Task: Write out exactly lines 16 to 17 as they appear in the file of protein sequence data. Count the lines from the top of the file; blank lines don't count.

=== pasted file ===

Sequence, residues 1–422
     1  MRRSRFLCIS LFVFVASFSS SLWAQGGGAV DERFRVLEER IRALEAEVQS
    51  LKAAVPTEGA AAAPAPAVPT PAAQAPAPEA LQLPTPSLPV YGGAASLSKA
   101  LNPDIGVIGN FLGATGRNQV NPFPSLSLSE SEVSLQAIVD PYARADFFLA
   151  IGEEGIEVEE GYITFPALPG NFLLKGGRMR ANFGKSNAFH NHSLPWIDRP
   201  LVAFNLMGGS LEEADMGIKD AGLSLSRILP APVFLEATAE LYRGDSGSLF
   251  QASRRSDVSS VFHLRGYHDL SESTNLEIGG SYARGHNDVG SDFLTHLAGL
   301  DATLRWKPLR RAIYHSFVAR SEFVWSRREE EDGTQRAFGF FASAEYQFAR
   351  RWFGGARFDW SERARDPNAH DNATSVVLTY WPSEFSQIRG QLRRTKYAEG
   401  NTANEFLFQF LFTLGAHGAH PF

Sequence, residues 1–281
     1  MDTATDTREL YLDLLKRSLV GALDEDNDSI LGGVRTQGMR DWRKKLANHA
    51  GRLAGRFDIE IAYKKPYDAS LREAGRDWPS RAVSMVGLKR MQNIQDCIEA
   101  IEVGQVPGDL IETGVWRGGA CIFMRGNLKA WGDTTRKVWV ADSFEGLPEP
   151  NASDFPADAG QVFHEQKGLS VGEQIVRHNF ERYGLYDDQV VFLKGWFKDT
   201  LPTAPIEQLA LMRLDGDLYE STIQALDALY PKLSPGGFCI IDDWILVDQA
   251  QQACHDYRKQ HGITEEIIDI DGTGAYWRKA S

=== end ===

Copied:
   201  LPTAPIEQLA LMRLDGDLYE STIQALDALY PKLSPGGFCI IDDWILVDQA
   251  QQACHDYRKQ HGITEEIIDI DGTGAYWRKA S